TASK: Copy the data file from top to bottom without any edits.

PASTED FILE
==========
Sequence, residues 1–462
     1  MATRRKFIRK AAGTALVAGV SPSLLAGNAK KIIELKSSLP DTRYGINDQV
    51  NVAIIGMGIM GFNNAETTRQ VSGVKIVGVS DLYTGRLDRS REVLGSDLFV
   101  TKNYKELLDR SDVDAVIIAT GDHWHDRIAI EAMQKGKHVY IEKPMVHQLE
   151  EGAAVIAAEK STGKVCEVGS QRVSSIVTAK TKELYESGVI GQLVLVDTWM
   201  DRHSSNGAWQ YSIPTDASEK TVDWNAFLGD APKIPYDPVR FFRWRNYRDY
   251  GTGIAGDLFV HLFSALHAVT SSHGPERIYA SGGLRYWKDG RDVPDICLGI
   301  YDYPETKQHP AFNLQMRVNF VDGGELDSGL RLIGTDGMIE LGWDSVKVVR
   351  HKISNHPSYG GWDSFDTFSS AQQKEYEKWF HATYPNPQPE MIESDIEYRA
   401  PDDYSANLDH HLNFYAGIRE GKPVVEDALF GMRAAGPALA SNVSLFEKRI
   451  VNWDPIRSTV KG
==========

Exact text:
Sequence, residues 1–462
     1  MATRRKFIRK AAGTALVAGV SPSLLAGNAK KIIELKSSLP DTRYGINDQV
    51  NVAIIGMGIM GFNNAETTRQ VSGVKIVGVS DLYTGRLDRS REVLGSDLFV
   101  TKNYKELLDR SDVDAVIIAT GDHWHDRIAI EAMQKGKHVY IEKPMVHQLE
   151  EGAAVIAAEK STGKVCEVGS QRVSSIVTAK TKELYESGVI GQLVLVDTWM
   201  DRHSSNGAWQ YSIPTDASEK TVDWNAFLGD APKIPYDPVR FFRWRNYRDY
   251  GTGIAGDLFV HLFSALHAVT SSHGPERIYA SGGLRYWKDG RDVPDICLGI
   301  YDYPETKQHP AFNLQMRVNF VDGGELDSGL RLIGTDGMIE LGWDSVKVVR
   351  HKISNHPSYG GWDSFDTFSS AQQKEYEKWF HATYPNPQPE MIESDIEYRA
   401  PDDYSANLDH HLNFYAGIRE GKPVVEDALF GMRAAGPALA SNVSLFEKRI
   451  VNWDPIRSTV KG